Ethiopia’s grain market in danger?

Afrik : Desalegn Sisay

A yellow wheat rust epidemic, a form of wheat fungus, is devouring crops in three major wheat-growing regional states of Ethiopia. Nonetheless, a grain shortage on the Ethiopian market, which has led to a government decision to import grains, has been blamed on market speculation.
Oromiya, the key wheat-growing region of the country, has been infected by a yellow wheat rust epidemic, according to an assessment by the United States Agency for International Development (USAID) released January 12, 2011. Amhara, and Southern Nations, Nationalities, and Peoples (SNNP) regions, have also fallen victim to the yellow wheat rust, a type of fungus that destroys crops.

Experts say the yellow wheat rust fungus infects crops at all stages of growth. The disease, which is known to spread rapidly, hits crops during the growth season and is symptomatic of stunted and weakened plants with shriveled grains, fewer spikes, and a loss in the number of grains per spike as well as grain weight.

Ethiopian grain shop

According to the report, quoting an assessment made by the local office of the UN Food and Agriculture Organization (FAO), the epidemic had infected more than one million acres of cropland as of November 2010.

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However, notwithstanding the considerable impact that the epidemic, coupled with other factors, might have on the level of crop production, harvest during the main season was expected to be between “normal and above-normal.”

Inflated wheat prices

But, despite USAID’s harvest prediction, Ethiopia has been facing inflated wheat prices on its local market since the beginning of the country’s main harvesting season in October 2010. As a result, the government has intervened by setting fixed prices for basic commodities, including bread.

Meanwhile, the government-run Grain Trade Enterprise (GTE) has commenced distributing wheat at a minimum price to counter inflated market prices. GTE is also set to import 1.5 million quintals of wheat, with the aim of stabilizing the market.

Whilst many believe that the yellow wheat rust epidemic has impacted grain harvest and prices, observers have indicated that grain shortages due to the yellow rust have contributed to government’s decision to import wheat, an assertion that has been rejected by the government.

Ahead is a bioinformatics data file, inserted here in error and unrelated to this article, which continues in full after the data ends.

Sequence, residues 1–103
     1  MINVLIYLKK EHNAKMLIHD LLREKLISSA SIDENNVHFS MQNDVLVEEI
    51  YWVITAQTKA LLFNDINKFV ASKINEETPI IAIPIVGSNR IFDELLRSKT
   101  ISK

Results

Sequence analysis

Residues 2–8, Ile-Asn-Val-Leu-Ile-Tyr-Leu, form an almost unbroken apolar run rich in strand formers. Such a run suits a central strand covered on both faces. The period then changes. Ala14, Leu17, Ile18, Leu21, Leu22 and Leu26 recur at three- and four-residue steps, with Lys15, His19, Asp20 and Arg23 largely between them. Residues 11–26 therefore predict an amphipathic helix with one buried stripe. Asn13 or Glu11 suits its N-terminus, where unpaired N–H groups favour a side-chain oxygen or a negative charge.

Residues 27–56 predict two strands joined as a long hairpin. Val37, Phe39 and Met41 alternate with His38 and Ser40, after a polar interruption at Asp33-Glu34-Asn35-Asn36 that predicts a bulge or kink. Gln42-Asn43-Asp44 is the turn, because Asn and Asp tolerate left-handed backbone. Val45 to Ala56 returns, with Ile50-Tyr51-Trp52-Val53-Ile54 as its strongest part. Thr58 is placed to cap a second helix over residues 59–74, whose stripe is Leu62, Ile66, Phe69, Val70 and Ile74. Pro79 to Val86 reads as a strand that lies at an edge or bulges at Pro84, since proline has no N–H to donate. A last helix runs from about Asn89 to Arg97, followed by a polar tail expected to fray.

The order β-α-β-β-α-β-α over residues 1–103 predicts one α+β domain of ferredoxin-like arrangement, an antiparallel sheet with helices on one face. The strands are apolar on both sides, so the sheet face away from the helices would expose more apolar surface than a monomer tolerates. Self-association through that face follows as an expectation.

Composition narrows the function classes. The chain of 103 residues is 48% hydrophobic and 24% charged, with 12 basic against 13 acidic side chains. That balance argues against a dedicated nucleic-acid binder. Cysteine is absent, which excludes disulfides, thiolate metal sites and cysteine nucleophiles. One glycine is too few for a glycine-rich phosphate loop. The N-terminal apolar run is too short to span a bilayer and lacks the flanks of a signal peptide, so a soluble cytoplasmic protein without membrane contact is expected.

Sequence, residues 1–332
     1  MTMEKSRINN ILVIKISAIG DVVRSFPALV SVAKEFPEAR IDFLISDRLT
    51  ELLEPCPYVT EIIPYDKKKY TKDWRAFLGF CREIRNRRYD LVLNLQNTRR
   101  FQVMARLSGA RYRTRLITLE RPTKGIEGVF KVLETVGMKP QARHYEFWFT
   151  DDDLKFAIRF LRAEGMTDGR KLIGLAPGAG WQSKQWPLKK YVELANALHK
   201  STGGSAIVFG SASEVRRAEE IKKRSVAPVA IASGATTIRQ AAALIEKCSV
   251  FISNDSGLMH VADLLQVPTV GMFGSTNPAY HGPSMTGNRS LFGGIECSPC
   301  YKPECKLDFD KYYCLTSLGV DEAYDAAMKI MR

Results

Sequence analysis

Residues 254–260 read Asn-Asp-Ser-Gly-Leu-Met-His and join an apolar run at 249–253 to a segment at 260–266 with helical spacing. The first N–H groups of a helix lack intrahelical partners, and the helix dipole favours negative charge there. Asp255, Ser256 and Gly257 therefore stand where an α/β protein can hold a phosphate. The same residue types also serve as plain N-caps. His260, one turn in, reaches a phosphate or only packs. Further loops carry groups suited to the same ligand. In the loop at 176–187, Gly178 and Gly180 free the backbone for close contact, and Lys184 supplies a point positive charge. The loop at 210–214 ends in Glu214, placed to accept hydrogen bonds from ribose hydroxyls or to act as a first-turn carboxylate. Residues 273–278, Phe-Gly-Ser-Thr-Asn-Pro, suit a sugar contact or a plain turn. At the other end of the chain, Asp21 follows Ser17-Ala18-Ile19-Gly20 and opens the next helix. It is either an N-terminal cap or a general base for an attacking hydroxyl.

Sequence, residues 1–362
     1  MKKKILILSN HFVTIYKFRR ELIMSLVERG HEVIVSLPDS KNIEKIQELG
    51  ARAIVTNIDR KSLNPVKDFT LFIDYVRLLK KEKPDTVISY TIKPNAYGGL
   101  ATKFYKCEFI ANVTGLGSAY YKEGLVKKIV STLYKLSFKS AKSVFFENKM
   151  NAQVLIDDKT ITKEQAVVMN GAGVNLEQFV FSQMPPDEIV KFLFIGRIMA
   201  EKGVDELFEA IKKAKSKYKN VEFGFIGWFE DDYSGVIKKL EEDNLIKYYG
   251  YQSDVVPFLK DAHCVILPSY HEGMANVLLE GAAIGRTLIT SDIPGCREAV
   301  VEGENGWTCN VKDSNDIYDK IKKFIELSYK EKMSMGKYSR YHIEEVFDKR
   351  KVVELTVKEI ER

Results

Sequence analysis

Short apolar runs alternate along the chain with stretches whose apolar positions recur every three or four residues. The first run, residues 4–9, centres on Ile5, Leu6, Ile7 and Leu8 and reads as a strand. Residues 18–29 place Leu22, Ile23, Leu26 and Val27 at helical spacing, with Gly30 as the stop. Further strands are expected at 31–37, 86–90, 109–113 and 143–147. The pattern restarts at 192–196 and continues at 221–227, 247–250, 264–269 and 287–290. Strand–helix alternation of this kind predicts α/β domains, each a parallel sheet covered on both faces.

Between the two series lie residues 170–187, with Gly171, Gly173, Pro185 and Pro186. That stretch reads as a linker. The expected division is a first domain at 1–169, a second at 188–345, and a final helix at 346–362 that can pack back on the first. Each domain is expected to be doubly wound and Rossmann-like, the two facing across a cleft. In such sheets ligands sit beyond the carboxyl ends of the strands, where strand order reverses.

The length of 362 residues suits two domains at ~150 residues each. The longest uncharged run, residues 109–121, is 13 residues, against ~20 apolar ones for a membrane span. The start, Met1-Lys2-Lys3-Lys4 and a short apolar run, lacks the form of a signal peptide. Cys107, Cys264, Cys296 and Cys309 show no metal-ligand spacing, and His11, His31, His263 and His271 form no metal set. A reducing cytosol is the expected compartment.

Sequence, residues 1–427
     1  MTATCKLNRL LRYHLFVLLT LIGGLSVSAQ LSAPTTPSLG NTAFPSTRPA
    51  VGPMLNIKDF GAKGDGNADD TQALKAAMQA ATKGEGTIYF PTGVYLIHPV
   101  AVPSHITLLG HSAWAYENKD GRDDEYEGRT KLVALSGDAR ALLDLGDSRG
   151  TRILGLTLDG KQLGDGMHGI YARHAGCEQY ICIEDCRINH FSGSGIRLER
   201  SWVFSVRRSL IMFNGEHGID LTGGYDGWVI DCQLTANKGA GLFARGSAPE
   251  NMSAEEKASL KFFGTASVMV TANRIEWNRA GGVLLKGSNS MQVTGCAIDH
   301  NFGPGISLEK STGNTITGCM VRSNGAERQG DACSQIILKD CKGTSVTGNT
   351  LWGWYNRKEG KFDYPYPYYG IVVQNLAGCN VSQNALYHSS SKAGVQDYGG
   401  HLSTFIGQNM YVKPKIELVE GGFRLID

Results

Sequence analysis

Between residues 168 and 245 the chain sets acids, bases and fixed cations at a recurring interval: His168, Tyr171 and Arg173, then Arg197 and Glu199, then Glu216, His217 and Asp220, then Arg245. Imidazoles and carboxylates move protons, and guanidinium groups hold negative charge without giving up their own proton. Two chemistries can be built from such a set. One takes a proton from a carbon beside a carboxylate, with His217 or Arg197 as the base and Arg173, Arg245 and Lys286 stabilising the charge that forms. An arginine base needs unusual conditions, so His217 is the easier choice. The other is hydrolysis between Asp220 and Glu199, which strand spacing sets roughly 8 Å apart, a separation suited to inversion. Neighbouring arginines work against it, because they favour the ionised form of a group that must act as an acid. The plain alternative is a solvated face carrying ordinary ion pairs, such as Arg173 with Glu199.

GTE manager, Berhane Hailu, argues that this harvest season’s grain production has been good. The problem, according to Hailu, is that the main grain market actors inflated wheat prices without adhering to market principles.

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And market speculation explains the government’s intention to import wheat. Berhane says that the government will start wheat importation from January until October 2011, when the next harvesting season begins.

But after a year of unprecedentedly severe droughts and wildfires in Canada and Russia, and floods in South Asia, triggered a rise of over 50 per cent of wheat prices in June 2010, the commodity has more than doubled in price.

Meanwhile, the International Center for Agricultural Research for the Dry Areas (ICARDA) has warned that an even bigger threat of the spread of stem rust Ug99 from Kenya, Ethiopia, Yemen, Sudan and Iran should not be ruled out after the the wind-borne spores were first identified in Uganda in 1999.

Morocco, Iran, Iraq, Lebanon, Uzbekistan, Azerbaijan and Tajikistan also suffered severe yellow rust epidemics in 2010, with Syria suffering the most as a result of the middle-eastern country’s drought conditions masking the rust.

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